Written September 28, 2015

Timing Method Execution in C#

An awesome tweet from Jessica Kerr rolled by this morning in quite a timely fashion.

I’ve been working hard for the last few days to really dial up the instrumentation and telemetry data collection in our primary transaction processing application. We’ve always had a sufficient view into the operational characteristics of the application, but like the tweet above notes, the faster we want to move, the more data we need to collect.

Given that instrumenting a mature application can be difficult at best and resisting the urge to perform a heavy refactoring is even harder, I’ve struggled to keep the surface area of change as small as possible.

Throughout this work, the Siren’s Call of rip and rewrite has been the most powerful in our data access code. Like most n-tier apps, we have a flat layer of code that’s wedged between the business logic for transaction processing and the database, with all interactions flowing through just a handful of objects. Though this architectural approach has fallen out of favor with me and begs to be changed, we must sometimes take the short road to higher ground and clean things up after building some space for reflection.

My primary objective with this segment of the project was to add timing code around all the stored procedure calls. Some of this timing data will be sent to windows performance counters, others bulk logged into HBase on our Hadoop cluster and others still, aggregated and recorded in our SQL Server logging tables, which record at the transaction level.

The approach here is oriented around triage and batch analytics. With performance counters we can quickly see, in near real-time, how sections of db calls are behaving. We can then turn to SQL server to collect transaction profiles exhibiting higher latency and debug them in our development environment. Lastly, we can get both audit functionality and custom performance analysis by writing analytics jobs on the cluster that encompass longer time frames.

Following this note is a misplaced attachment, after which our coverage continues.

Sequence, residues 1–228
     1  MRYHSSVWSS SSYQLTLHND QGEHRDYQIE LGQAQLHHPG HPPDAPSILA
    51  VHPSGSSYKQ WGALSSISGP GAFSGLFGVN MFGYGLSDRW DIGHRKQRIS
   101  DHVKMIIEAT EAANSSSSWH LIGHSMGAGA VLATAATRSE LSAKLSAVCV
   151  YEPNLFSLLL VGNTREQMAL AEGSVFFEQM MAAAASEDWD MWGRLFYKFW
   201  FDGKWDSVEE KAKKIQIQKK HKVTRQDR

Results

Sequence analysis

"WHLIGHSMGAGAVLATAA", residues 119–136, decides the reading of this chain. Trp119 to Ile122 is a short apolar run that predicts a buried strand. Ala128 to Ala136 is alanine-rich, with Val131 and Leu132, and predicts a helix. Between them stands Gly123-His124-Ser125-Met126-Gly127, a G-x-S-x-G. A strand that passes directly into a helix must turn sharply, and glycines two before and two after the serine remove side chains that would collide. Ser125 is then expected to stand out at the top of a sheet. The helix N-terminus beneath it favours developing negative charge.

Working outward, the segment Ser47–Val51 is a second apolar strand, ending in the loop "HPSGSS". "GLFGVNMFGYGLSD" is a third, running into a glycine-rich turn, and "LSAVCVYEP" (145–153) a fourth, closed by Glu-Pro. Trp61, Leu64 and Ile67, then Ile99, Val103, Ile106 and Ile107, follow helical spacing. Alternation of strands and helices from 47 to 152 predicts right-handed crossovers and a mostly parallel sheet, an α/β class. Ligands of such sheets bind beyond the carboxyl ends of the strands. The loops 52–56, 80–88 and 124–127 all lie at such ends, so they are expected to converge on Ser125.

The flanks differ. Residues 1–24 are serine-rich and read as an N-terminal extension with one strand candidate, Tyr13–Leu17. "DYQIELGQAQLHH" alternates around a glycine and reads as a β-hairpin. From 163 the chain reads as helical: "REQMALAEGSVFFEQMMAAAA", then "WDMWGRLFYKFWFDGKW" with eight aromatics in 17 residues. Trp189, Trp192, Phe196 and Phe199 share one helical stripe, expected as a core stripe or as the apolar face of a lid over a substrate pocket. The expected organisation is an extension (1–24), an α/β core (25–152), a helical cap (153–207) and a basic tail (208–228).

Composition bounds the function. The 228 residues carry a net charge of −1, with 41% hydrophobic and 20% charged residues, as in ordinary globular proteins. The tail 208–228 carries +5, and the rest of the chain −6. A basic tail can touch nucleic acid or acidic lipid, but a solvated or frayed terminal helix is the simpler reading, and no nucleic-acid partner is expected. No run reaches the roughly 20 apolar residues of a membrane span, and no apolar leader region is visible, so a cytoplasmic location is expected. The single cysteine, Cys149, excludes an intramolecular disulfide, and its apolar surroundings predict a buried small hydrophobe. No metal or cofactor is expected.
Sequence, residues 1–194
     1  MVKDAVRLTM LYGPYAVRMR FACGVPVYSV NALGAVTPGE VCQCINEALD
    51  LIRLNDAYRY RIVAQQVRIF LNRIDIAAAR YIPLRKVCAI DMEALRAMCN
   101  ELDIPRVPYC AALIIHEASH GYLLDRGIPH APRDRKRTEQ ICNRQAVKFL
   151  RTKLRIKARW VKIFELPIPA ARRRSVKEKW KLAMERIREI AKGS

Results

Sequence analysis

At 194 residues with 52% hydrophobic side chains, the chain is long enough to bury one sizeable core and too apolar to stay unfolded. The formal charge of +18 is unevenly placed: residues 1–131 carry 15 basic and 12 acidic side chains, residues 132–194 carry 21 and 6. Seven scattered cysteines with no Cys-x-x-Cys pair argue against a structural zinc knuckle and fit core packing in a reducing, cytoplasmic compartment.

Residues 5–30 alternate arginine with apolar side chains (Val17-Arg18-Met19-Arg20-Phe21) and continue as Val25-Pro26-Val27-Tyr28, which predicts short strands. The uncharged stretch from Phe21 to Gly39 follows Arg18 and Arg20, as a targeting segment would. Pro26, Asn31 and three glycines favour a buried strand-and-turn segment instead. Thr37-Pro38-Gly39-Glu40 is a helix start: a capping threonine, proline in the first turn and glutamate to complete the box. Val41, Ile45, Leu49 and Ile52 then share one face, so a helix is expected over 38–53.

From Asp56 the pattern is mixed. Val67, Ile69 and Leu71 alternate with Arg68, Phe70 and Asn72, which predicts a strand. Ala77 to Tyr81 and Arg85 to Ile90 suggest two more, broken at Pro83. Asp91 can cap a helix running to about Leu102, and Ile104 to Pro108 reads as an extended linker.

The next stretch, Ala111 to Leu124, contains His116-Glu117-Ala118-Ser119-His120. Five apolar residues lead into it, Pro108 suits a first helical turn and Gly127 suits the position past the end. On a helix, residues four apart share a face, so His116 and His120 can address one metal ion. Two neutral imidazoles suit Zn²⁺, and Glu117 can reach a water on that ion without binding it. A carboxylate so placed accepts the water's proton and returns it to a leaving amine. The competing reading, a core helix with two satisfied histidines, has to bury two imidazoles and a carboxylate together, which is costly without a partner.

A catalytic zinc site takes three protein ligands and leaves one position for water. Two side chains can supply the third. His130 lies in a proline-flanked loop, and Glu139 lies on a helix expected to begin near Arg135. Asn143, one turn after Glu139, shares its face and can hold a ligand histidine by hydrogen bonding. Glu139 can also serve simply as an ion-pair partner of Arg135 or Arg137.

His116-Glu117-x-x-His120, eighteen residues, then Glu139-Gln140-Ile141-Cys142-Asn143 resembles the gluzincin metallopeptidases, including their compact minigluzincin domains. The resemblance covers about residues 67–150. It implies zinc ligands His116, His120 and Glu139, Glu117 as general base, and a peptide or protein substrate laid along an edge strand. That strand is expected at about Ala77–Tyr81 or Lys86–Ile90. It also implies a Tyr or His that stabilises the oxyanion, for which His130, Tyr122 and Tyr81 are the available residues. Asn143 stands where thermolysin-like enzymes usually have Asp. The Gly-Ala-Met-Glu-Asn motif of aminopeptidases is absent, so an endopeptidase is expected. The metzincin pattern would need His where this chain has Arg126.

The following Gist is a simple example repository. The repository has a small wrapper class which helps deal with SqlHelper exceptions and a connection string which are injected to improve testability. Additionally, we have a simple method which will return a ‘thingy’ from the database given a thingy_id.

As I noted above, the goal is to instrument this method, timing the length of the stored procedure call. The easy way out would be some local state in the class and a standard .Net stopwatch. I don’t have any particular problem with that approach, in fact it’s where I started, but the main drawback is the verbosity. Every method would end up looking like this:

Again the approach is not bad, per se, but it is verbose and repetitive if every method needs this change, which in this case we do.

At the other extreme, we could use Aspect Oriented Programming with attributing and IL weaving to inject our instrumentation code around our methods. The .Net library exemplar for this is PostSharp with it’s compile time AOP capabilities. Amazing technology, but given that we are still trying to figure out what we really need from all this, I’d prefer a happy medium.

So what I ended up with was the following:

I’ve added a public property with a backing field that will be used to extract the timing data from our repository class - nothing special there. Skipping over our data access method for a moment there is a new method at the bottom of the repository that will do our timing.

The timing method takes two parameters, a func that returns a DataSet and a ref to our timing field. Since we are pre-filling our method parameters, the timer function leverages the func(TResult) signature, getting some nice flexibility from the type system. The ref timing field will be incremented using the Interlocked API so that we can handle some modest concurrency in the repository. Otherwise, the method looks like an extract of the “simple” approach with a stopwatch.

Back up in the data access method the Sql Executioner, wrapped in a lambda, and the timing field are passed to the Timer method and the remainder of the method is left nominally unchanged.

This simple approach to timing method calls can be used with a fair amount of flexibility throughout an application. Consider overloading the timer with an action delegate too, for even more flexibility … happy coding!

P.S. the following link goes to an interesting set of answers to this very problem on Stack Overflow: wrapping stopwatch timing with a delegate or lambda.